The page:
Olson’s Observations

Technology. Innovation. Science. VC. Media. :: by Eric Olson

Book Review: Six Degrees

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Six DegreesReading Time: 6 minutes 30 seconds

Do you ever wonder about Milgram’s six degrees of separation experiment? Or about the spread of disease? Or about the spread of products and marketing messages? I am sure most people reading this site have thought of one or more of these things at length at one point or another. Specifically I am sure that we have all thought about how products, mainly consumer web products, spread and attract more users.

The typical themes we run into as we delve into the idea spreading space come from books like the Tipping Point or The Influentials. These books state that it is a small group of people, Gladwell’s connectors and Keller’s influentials, that cause a product to spread virally or in other words cause a cascade (since products don’t technically spread virally most of the time but that is a whole other post).

However, none of these books take a look at the science and math behind networks. In other words, they don’t really provide any hard evidence that the theory of influentials is actually how things work.

Enter Duncan Watts and his book Six Degrees: The Science of a Connected Age. Watts, a mathematician-turned-sociologist currently on sabbatical from Columbia University and working at Yahoo! Research, was unsettled by the lack of actual testing of things like Milgram’s Six Degrees experiment and the idea of influentials and how they are the cause of viral product adoption. He was so unsettled in fact that he has spent the last decade studying the science of networks.

The last decade of his thoughts comprise the bulk of Six Degrees in which everything he has worked on is put into layman’s terms. Watts uses easy to grasp examples and personal narratives to help the reader understand the mysteries behind networks. The book is very conversational making it very approachable even for people with no science background.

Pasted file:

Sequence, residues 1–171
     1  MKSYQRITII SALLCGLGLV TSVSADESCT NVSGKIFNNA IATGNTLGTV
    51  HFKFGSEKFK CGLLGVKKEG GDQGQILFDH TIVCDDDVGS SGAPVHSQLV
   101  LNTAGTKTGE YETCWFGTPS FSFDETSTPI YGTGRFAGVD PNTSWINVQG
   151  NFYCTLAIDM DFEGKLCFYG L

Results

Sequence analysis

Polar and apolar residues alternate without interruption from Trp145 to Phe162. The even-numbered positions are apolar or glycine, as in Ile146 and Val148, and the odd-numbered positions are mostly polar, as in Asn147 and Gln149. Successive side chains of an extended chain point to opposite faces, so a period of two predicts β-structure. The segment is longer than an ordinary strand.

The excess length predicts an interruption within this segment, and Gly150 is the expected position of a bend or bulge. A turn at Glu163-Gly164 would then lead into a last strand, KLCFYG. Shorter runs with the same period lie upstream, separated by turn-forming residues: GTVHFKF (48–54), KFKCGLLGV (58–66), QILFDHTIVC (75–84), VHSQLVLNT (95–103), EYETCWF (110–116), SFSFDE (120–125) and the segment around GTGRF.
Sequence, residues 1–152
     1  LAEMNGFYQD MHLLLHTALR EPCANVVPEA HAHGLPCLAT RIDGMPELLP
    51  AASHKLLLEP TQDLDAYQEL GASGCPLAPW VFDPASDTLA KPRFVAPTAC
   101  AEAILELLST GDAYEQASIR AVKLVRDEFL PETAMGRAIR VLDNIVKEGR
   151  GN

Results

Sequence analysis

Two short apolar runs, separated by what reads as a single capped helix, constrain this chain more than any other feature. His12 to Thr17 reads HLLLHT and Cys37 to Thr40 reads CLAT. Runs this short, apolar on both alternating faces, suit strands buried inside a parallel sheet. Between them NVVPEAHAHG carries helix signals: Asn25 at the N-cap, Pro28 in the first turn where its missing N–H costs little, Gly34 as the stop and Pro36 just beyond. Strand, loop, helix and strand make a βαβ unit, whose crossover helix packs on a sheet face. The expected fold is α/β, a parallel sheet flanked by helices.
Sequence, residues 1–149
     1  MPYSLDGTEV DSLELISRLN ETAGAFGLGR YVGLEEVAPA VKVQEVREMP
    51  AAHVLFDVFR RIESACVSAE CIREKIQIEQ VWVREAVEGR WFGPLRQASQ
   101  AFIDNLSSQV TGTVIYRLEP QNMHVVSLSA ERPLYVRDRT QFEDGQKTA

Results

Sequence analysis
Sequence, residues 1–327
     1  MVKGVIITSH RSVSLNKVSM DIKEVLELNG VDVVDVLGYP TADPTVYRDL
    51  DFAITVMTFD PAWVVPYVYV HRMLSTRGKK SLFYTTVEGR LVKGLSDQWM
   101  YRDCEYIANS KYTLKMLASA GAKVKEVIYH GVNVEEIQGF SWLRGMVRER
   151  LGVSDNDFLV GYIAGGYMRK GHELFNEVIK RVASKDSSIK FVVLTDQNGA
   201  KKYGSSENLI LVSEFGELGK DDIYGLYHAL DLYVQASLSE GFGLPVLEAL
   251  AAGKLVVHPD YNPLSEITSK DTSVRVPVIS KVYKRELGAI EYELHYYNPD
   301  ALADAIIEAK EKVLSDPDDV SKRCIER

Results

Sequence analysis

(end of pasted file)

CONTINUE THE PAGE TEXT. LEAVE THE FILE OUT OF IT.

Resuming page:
That said, Watts’ findings are very interesting making this book a must read. I will speak about his findings on internet marketing here since that is what I think most of us are interested in although he does describe many more areas in which his theories apply.

What’s big revelation you ask? Well, Watts has found that influentials don’t really matter (at least in terms of starting trends - they can make trends bigger though). Yes, you read right, while more and more marketers pour dollars into targeting influentials Watts is saying that all of that may be a waste.

Unsurprisingly there are a lot of advertising industry folks who aren’t appreciative of Watts’ work but his computer models and research are pretty compelling. Even if you don’t think the models he’s built represent society in a realistic way just think about this:

All Watts is really saying is that average people are influentials at any given time in their lives. It isn’t the hyperconnected that are starting all of the trends.

Watts argues that a lot of the cases that support the influentials theory were analyzed after the fact (revisionist history). Gladwell’s Hush Puppies example is a good one. Gladwell says that Hush Puppies broke out in 1994 (5000% growth in sales) because a handful of influential Lower East Side hipsters started wearing them and spread the trend.

Watts, on the other hand, logically states that those hipsters were wearing a number of other items but the only thing that popped were the Hush Puppies. If they were influentials in the classic sense you would think more than just the Hush Puppies would have popped. So, why didn’t anything else the hipsters were wearing pop?

Watts figures that the answer to that question lies with society as a whole.

Watts says that society needs to be ready to embrace a trend and if it is anyone can tip the scales. However, if society isn’t ready no amount of influencers pushing a product can force a cascade to break.

Take a look at this excerpt from a recent article in Fast Company to get an idea of one experiment that Watts conducted. I think it will get the point across: